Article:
It’s important to get the direct feedback and following up with people that you think maybe had an interest but you didn’t see them. And throughout the year we’re also reaching out to our members with different types of offers or different type messages or members-only events. All those seem to fit well to keep them engaged and involved as part of our group.

So we’re definitely adding value and we’re continually, in that way, building this special interest group.  And I hope to see it continue to do that as we have our next few meetings roll around. It’s just been steady progress as we go forward and we’re getting some great positive feedback.

I noticed that you’re doing many free events.  So am I to assume that your goal here is not to drive revenue, just more creating value for the special interest groups and increasing engagement?

Yes, that’s exactly it. It started with us asking our members and listening to our members on what would benefit them, what would they have high value for and the answer that came back was to have groups like this.  And as we went to roll out the group and get it started, although we’re supporting it as the Chapter and we are providing some expenses to run it, we’re not charging anyone but we’re providing it as a member benefit.

We’re also allowing people who aren’t members, anyone’s welcome to come.  If you use the product, your input and your interactions are welcome. Of course, we would like them to become members but if you look at it as somewhat of the shareware concept of if we all benefit and we can all make better products. The idea is that some people know that they really value it and then decide to join, or perhaps get the “full version product”. I don’t know if I want to compare our Chapter exactly to that. But the concept works in that we have a group that has great synergies and as people come in and they become part of that group, they learn more about the Chapter, and many of them wish to join.

We’ve been working with Chapter partners to provide offers through our members so that as soon as you pay the membership fee, there are two or three offers that you might be able to immediately take advantage of and get more than your money back through the amount that you might save.

Creating value through “partner offers”

Can you explain a little bit about what “partner offers” are and how that works?

I can give you another example from the special interest groups.  By having one of those groups all with the same interests, we’ve taken a look at who might make sense to partner with them. By having that larger number of people, we look at “is there a form of discount plan that might work for them that could save some money?”  And one of those that we’ve set up just recently, if they buy a media plan, which many of them would have a good use for, say media template and things of that nature – it saves them around $150.00. That is about three times their membership rate, immediately back.

And from another point of view, we had another partner offer that saves roughly $65, about the cost of the membership.  From there we’ve got a few general offers for our entire Chapter that when they sign up, it’s either things that are no cost to them because of being a Chapter member, or we’ve made an arrangement that there’s a package they can get at one provider or another or a discount on services that we think that they would like to see.

And that’s worked out really well for giving our partners exposure but it’s also worked out really well for our members to be able to say, “Wow, as soon as I join, that will be really helpful.”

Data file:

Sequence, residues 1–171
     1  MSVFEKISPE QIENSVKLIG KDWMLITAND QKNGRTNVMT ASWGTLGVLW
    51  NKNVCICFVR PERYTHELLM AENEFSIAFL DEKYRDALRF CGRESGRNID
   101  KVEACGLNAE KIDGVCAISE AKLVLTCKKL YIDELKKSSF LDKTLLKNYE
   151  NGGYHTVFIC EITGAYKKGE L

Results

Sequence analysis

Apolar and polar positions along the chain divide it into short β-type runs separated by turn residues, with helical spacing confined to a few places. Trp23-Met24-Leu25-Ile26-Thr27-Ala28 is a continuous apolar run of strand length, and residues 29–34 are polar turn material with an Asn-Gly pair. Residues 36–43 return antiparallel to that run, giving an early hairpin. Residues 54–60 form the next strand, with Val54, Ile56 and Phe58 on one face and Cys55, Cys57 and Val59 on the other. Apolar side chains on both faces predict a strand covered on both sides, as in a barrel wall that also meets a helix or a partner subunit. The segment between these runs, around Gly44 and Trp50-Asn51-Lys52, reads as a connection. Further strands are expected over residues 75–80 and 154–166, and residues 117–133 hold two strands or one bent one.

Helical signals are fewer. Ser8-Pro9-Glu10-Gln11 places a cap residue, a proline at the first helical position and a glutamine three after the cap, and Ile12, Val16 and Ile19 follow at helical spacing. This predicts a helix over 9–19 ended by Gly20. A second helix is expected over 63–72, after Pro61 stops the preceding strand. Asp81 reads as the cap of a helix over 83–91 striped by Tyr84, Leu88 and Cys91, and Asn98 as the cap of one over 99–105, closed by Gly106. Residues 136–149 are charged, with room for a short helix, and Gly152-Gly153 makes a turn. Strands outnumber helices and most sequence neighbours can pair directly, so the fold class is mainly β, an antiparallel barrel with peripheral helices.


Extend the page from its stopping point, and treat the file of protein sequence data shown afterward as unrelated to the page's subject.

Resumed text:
To follow-up a little bit about creating more value for members, I noticed that you have member-only events. Can you explain what is different about these events, and how you go about channeling those benefits through to members or prospective members?

Well, we’ve done that in a few ways over the last two years.  It’s been one of those, I would have to say, evolving programs. And if I go back to 2013, I would say one of the highest response rates we’ve had as we’ve first put the initiative towards this, it’s about the member-only events but it’s also about just generally trying to communicate to your members you care they’re out there.

As we put the first big members-only event together for this, we sent an email out to tell them that. It was the highest open rate and return rate we’d seen from an event.  And we got the responses back from them that they thought it was really great that we were doing that and it was just very well received.  That moment in time was excellent, but then to sustain that once per quarter afterwards with that level of involvement, which is where we were maybe looking to take that program, we found as we got to the next quarter that it was no longer quite that fresh.  “Wow, they haven’t done this before.” And we had a lower member response.

So we’ve looked for other ways to do things like that, we still have the members-only events. We’re looking for special occasions where we can have members-only events, but we also want to be inclusive at the same time.  So we might have an event to where it’s for members only and allow them to bring a guest.  We want to see if it’s for members, what would they value most on how we might hold it?  And as we get those answers and what they might be today as well as what they might be in 2015 – I think that is what will continue to take us to good places.

That’s Part 2 of our 3-part series of interview highlights with Greg Damron of ATD St. Louis. Stay. You can also read Part 3 – which includes the full audio recording.

Image source:  Business-man-brainstorming - courtesy of BigStockPhoto.com

Lori Halley [Engaging Apricot] Lori Halley [Engaging Apricot]

Posted by Lori Halley [Engaging Apricot]

Published Wednesday, 10 September 2014 at 8:30 AM
Sorry, this blog post is closed for further comments.